In Southeast Asia, the US and China are wrestling over influence of nations in the Association of Southeast Asian Nations (ASEAN) trading bloc. China has long had strong trade and political influence over ASEAN nations and has exerted claims over many land and sea resources there. This has recently included the resource-rich islands in the South China Sea that the ASEAN nations are now attempting to re-establish as their own. The stand-off between China, the US, and ASEAN over these islands has culminated in naval posturing, the arrest of Chinese fishermen trespassing on ASEAN-held waters, and strong rhetoric from all sides that has done little but limit future strategic options. As the strong US military presence near the South China Sea is forestalling the possibility of this dispute erupting into all-out war, China’s leadership is left without any way to move this conflict forward. Backed into a corner, China may seek out alternative ways to establish its regional presence.

To this end, the new Chinese administration will likely take advantage of its ongoing conflict with Japan over the Senkaku/Diaoyu islands. While both nations are capable of exercising strategic patience over these uninhabited and unremarkable islands, a series of absurdly escalating engagements—reminiscent of Dr. Suess’ “The Butter Battle Book”—has pushed an otherwise centuries-old land dispute to the brink of national-level armed conflict. The spark to this powder-keg could be that China’s new Prime Minister, Xi Jinping, is in the tenuous position of having to assert himself as a unifying force in the administration during his transition into power. As such, a show of Chinese force to any US or Japanese assertion of influence over the Senkakus may be his only option, as most other options may cause him to appear weak and incur great political costs.

If protracted conflict is to be avoided, the US, Japan, and ASEAN must treat China very carefully and engage in talks that break the cycle of action and reaction that simply move all parties towards all-out war.

Jason Kumar


Mapping for Development

The number of NGOs and companies utilizing open-source data mapping tools for international development purposes is expected to swell in 2013. The emergence of open data tools signals a growing effort to increase participation, transparency, and networking within the development field.

Geographic information systems, or GIS, are increasingly effective for real-time updates; from disaster relief efforts in Port-au-Prince, Haiti to sourcing local feedback on farming programs in Karonyi, Rwanda. Following the lead of NASA, USAID, the World Bank, and InterAction, the United Nations Development Programme launched its own open data site late last year with information on its more than 6,000 projects. The proliferation of other services, including Ushahidi and Development Seed, which offer crowd sourcing and data visualization tools, plus Open Street Maps and Harvard’s WorldMap, which provide previously unavailable geographic information, are literally putting rural villages on the map.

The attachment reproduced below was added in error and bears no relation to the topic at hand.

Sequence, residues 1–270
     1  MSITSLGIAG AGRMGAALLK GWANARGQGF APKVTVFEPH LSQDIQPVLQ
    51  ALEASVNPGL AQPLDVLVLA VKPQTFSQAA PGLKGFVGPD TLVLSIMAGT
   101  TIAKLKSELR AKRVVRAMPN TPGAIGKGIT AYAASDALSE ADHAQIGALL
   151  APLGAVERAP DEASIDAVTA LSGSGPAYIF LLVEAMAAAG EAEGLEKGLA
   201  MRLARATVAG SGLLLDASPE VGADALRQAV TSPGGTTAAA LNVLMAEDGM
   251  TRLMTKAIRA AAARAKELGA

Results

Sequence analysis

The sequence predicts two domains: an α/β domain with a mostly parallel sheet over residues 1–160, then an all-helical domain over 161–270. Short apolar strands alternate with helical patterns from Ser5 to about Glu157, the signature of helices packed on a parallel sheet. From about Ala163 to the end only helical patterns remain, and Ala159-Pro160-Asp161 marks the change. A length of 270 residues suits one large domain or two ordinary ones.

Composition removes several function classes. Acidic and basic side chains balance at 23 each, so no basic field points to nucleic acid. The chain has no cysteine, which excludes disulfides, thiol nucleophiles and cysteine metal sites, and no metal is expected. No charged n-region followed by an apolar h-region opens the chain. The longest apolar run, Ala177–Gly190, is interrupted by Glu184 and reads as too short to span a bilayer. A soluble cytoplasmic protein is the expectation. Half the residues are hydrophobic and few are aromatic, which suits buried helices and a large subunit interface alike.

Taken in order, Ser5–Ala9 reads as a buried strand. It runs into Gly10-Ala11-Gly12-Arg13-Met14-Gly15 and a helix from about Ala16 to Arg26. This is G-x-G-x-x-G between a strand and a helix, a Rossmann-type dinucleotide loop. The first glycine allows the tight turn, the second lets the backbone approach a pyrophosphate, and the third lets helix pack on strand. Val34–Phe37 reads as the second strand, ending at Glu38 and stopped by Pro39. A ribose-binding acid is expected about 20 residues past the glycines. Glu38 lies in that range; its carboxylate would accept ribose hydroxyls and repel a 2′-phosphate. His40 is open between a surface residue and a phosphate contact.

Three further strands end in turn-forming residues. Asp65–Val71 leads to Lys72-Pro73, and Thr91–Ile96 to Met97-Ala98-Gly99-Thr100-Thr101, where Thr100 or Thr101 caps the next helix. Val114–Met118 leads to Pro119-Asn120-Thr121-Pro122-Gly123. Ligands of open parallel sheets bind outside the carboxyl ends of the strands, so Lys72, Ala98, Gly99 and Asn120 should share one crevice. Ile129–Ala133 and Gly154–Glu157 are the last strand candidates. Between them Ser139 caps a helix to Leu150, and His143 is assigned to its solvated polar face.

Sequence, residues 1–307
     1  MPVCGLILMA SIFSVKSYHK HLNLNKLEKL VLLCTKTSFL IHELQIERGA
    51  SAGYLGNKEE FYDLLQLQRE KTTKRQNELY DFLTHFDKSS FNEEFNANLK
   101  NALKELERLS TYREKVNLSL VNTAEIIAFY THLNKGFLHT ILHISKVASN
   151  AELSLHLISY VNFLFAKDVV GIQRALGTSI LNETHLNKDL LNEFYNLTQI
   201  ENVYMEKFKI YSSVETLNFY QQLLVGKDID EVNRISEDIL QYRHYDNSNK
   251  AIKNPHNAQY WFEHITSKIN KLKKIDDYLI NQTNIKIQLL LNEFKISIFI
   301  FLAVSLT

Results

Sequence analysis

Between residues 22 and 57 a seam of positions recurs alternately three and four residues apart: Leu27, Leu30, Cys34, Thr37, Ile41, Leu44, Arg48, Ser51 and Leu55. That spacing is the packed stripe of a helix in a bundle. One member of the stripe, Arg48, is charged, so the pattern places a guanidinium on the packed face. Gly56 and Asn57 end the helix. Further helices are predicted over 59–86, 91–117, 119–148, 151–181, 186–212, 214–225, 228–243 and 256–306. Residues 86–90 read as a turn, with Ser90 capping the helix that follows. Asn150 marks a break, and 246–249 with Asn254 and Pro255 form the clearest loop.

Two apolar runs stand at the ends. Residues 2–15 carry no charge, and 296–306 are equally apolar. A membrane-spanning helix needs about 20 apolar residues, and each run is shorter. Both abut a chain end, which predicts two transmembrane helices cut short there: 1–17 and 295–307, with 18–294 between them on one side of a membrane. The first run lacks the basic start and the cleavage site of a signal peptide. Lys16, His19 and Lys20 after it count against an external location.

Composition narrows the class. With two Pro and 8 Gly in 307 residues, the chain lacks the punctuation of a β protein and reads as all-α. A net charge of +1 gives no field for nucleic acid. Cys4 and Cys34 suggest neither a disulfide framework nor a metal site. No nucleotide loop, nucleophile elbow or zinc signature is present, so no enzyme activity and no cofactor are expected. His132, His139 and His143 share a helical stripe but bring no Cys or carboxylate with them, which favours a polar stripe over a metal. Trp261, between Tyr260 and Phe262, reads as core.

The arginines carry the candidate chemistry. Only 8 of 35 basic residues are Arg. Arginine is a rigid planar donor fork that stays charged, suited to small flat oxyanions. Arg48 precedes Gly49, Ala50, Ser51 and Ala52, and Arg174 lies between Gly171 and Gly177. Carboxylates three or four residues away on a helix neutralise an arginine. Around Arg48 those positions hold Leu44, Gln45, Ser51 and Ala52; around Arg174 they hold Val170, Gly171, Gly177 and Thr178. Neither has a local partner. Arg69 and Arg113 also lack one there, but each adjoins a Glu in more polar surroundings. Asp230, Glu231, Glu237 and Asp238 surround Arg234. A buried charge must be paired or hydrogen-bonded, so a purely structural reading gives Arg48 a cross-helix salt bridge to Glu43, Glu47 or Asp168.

Development specialists hope that growing program participation will empower local communities while offering data to improve government accountability and research. Google Maps’ recent unveiling of park and street names in North Korea, the world’s most hermetic country, illustrates the availability of untapped data among “citizen cartographers.”  It seems international industries are only beginning to harness the power that instant access to formerly unavailable information offers.

However, just like in more tech-addicted countries, geo-located information carries its own ethical risks; including privacy, confidentiality, and consent concerns. As development-tailored mapmaking evolves in the next few years, the field will likely follow the bumps that older industries endured before reaching a streamlined sophistication. The nascent industry needs to connect the dots among the growing number of mapmakers to provide a comprehensive overview of efforts. Opening the door to this information is a laudable first step. Synchronizing all of the data that is already out there remains the next big hurdle. Hopefully piecing together more comprehensive maps will not be as difficult as folding one up.

Rachel Wood